As China is a state party to several international treaties that guarantee women’s rights, the Chinese government is obliged to take effective measures to address domestic violence and its consequences for women. These actions should include effective legal measures, including penal sanctions, civil remedies, and compensatory provisions; preventive measures, including public information and education programs to change attitudes about the roles and status of men and women; and protective measures, including shelters, counseling, rehabilitation, and support services. China should enact a comprehensive law against domestic violence in accordance with the good practices detailed in the United Nations Handbook on Legislation on Violence Against Women.

Ratify the International Covenant on Civil and Political Rights

Fourteen years after having signed the International Covenant on Civil and Political Rights, the Chinese government has yet to ratify it.[3] Member countries to the ICCPR undertake to respect fundamental rights and freedoms, which include protections against mistreatment in detention and unfair trials, and the rights to free association and expression and to political freedoms.

The government’s position has long been that it was working on “preparing the conditions for ratification,” but without ever committing to a timetable. In May 2004, Premier Wen Jiabao said that China was readying itself to ratify the ICCPR “as soon as possible.”[4] Yet there has been little noticeable progress since that time. Human Rights Watch was encouraged that China’s first National Human Rights Action Plan (2009-2010) identified preparation for ICCPR ratification as an objective, but is concened that this aspiration is noticeably absent from the subsequent National Human Rights Action Plan (2012-2015).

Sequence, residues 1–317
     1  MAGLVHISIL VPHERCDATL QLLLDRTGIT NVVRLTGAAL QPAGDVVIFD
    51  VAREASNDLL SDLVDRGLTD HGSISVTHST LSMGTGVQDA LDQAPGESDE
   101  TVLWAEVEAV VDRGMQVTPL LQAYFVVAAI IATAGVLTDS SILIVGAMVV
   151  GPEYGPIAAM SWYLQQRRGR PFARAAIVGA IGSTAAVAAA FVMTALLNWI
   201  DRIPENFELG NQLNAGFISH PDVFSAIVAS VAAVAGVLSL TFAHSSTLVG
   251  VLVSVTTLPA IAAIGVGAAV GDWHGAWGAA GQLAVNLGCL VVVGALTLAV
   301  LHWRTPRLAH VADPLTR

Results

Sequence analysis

Human Rights Watch urges the ratification without reservations of the ICCPR to be presented to the NPC as a matter of priority by the government, as a clear sign of commitment to improving human rights protection in the country.  

To allow another session of the NPC to close absent steps towards ensuring the right to a fair trial, effective legal measures to protect victims of domestic violence and discrimination, and clear support for the universality of human rights will undercut China’s international human rights obligations and the expectations of the Chinese people.

We look forward to discussing these and other human rights matters with you and your government in the coming years.


Sophie Richardson

China Director

Human Rights Watch


Wu Bangguo, Chairman, Standing Committee of the National People’s Congress


[1]Nicholas Bequelin, “Re-education Revisited”, The New York Times, January 29, 2013, (accessed February, 28, 2013).

[2]China: Fully Abolish Re-Education Through Labor”, Human Rights Watch news release, January 8, 2013, (accessed February, 28, 2013).

[3] Wang Jun, “Rights Under Scrutiny”, Bejing Review, (accessed February, 28, 2013).